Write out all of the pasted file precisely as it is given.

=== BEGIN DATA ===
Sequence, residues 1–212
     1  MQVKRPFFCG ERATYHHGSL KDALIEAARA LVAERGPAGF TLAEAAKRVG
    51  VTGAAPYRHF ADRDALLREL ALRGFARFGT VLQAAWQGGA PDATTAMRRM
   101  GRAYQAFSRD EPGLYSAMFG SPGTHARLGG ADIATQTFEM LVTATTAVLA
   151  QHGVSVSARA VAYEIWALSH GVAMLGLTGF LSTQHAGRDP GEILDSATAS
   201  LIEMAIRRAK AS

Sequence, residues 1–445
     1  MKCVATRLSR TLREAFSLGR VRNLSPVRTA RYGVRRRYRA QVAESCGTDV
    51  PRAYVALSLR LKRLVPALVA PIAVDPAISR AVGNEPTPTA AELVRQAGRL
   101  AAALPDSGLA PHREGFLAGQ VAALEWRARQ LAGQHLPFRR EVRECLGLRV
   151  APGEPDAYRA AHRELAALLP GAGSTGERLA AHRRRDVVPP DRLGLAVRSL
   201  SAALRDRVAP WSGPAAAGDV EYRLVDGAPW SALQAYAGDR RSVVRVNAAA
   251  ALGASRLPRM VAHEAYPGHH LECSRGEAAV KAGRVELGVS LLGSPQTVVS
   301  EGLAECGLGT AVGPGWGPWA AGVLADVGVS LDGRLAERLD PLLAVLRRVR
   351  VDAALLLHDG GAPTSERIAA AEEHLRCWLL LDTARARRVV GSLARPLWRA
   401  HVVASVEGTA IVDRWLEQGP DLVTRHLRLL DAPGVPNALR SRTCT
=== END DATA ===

Sequence, residues 1–212
     1  MQVKRPFFCG ERATYHHGSL KDALIEAARA LVAERGPAGF TLAEAAKRVG
    51  VTGAAPYRHF ADRDALLREL ALRGFARFGT VLQAAWQGGA PDATTAMRRM
   101  GRAYQAFSRD EPGLYSAMFG SPGTHARLGG ADIATQTFEM LVTATTAVLA
   151  QHGVSVSARA VAYEIWALSH GVAMLGLTGF LSTQHAGRDP GEILDSATAS
   201  LIEMAIRRAK AS

Sequence, residues 1–445
     1  MKCVATRLSR TLREAFSLGR VRNLSPVRTA RYGVRRRYRA QVAESCGTDV
    51  PRAYVALSLR LKRLVPALVA PIAVDPAISR AVGNEPTPTA AELVRQAGRL
   101  AAALPDSGLA PHREGFLAGQ VAALEWRARQ LAGQHLPFRR EVRECLGLRV
   151  APGEPDAYRA AHRELAALLP GAGSTGERLA AHRRRDVVPP DRLGLAVRSL
   201  SAALRDRVAP WSGPAAAGDV EYRLVDGAPW SALQAYAGDR RSVVRVNAAA
   251  ALGASRLPRM VAHEAYPGHH LECSRGEAAV KAGRVELGVS LLGSPQTVVS
   301  EGLAECGLGT AVGPGWGPWA AGVLADVGVS LDGRLAERLD PLLAVLRRVR
   351  VDAALLLHDG GAPTSERIAA AEEHLRCWLL LDTARARRVV GSLARPLWRA
   401  HVVASVEGTA IVDRWLEQGP DLVTRHLRLL DAPGVPNALR SRTCT